In addition to the published Incremental Sampling Methodology (ISM) for Metallic Residues protocol, the investigators are currently working with the USEPA to modify Method 3050B by incorporating the recommended changes identified from this project into a proposed Method 3050C. These changes include modifications to the sample preparation methods as well as the incorporation of an Appendix outlining the multi-increment field sampling approach, similar to what was done for USEPA Method 8330B. In the interim, Technical and Regulatory Guidance: Incremental Sampling Methodology, ISM-1 (February 2012, Interstate Technology and Regulatory Council) is a good reference for understanding and implementing ISM. Protocols specific to ISM sampling of sites with metallic residues can be found in the Guidance Document.

There are no known limitations to the application of ISM, as the equipment used for ISM is the same as that for conventional grab sampling. Implementation costs for ISM are lower than conventional grab sampling because fewer samples are collected, prepared, and analyzed (e.g., less supplies are consumed, less time is required to survey and select sample locations, and there are less samples to label and ship to the laboratory for preparation and analysis). As multiple increments need to be collected to prepare a single sample in the field, the collection time for a single incremental sample is greater than that for a single grab sample. However, as relatively large numbers of grab samples are typically needed to provide data of comparable quality as a few incremental samples, ISM does not typically increase the total sample collection time. Once the Sampling Unit corners are surveyed, there is no need to survey individual sample increment locations. In contrast, each grab sample requires surveying each location. ISM samples typically have a larger mass than conventional grab samples, resulting in greater per sample shipping costs and sample preparation fees. Fewer ISM samples are analyzed than grab samples. The greatest cost saving is incurred at the laboratory preparation step owing to fewer samples requiring preparation and analysis. Again, some additional costs are incurred with the addition of the milling and subsampling step. However, the increased costs are more than offset by the fewer number of ISM samples. Although per-sample (unit) costs are higher for ISM, the total cost of soil sampling and analysis for ISM will generally be less than that for conventional grab sampling.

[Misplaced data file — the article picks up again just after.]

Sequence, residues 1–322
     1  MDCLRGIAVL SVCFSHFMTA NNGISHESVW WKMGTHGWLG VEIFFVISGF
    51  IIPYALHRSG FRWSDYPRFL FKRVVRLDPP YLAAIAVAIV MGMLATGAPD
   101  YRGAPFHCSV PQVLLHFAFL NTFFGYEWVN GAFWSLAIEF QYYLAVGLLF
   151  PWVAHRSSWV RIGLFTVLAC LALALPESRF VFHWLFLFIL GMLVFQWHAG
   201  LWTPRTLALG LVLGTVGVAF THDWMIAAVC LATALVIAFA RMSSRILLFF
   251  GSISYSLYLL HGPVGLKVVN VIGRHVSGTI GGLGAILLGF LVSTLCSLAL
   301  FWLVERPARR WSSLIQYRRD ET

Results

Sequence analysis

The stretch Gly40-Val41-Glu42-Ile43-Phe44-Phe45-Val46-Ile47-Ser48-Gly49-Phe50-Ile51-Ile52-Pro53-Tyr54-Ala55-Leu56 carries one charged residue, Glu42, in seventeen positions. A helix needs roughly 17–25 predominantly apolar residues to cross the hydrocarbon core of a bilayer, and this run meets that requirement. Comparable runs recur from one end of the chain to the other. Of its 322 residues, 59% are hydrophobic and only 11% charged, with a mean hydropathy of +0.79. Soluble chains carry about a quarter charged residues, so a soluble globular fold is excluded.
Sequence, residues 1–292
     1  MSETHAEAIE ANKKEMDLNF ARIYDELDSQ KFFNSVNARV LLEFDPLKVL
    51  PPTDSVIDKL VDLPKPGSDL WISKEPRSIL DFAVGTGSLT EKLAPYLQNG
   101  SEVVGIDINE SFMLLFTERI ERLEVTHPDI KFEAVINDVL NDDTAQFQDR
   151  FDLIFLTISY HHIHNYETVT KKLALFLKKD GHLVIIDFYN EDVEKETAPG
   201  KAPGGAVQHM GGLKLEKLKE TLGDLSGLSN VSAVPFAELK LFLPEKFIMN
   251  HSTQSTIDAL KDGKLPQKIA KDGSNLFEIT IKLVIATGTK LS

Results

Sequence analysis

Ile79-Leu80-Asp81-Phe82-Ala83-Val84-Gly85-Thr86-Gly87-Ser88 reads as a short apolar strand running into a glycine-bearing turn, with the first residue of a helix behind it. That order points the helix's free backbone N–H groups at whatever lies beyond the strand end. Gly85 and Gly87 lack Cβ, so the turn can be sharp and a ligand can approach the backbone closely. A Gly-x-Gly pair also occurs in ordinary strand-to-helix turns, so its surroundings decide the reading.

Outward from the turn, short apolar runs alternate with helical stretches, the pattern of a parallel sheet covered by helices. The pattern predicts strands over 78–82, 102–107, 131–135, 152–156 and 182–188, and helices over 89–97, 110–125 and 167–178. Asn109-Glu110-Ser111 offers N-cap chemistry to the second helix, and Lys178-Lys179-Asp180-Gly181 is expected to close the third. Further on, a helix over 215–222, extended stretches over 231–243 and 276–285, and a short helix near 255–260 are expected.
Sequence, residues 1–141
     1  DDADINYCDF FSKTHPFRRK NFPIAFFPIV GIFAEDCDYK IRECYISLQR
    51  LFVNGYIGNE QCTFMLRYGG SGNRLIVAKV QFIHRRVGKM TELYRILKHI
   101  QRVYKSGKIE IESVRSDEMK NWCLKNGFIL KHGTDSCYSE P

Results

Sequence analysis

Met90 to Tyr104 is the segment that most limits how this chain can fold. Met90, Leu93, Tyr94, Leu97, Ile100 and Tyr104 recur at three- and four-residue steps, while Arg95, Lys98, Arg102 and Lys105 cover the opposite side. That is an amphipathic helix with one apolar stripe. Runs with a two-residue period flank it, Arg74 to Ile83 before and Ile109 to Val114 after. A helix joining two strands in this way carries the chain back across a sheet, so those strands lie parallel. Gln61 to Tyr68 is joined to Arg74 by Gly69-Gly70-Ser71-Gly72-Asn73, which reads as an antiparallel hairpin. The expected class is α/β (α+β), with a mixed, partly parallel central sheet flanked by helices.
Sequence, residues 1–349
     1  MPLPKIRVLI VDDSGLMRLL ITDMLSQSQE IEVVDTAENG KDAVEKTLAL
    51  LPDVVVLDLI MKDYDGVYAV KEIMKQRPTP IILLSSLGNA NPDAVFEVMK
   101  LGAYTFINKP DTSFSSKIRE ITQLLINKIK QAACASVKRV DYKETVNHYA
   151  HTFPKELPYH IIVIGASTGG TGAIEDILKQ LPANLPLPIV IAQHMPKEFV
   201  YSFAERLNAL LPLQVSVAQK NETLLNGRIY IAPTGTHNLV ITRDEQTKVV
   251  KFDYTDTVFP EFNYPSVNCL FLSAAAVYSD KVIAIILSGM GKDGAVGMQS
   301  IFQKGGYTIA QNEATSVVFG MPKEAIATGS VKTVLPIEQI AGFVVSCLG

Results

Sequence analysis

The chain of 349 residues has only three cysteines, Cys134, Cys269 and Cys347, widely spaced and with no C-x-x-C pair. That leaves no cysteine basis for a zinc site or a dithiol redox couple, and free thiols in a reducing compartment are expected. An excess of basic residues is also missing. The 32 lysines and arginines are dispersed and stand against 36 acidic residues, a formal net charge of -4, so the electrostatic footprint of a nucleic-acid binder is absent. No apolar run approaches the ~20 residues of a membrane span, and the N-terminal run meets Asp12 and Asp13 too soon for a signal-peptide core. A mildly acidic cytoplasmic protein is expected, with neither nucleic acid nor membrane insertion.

Cost savings are difficult to quantify because there is no standard procedure for determining the number of soil samples needed to characterize a study area. Conventional grab sampling designs are frequently judgmental in nature, entailing subjective criteria for selecting sampling locations and number of soil samples. However, based on a review of current practices, case studies, and the results of these demonstrations, ISM can result in a cost savings of 30-60% relative to conventional grab sampling methods.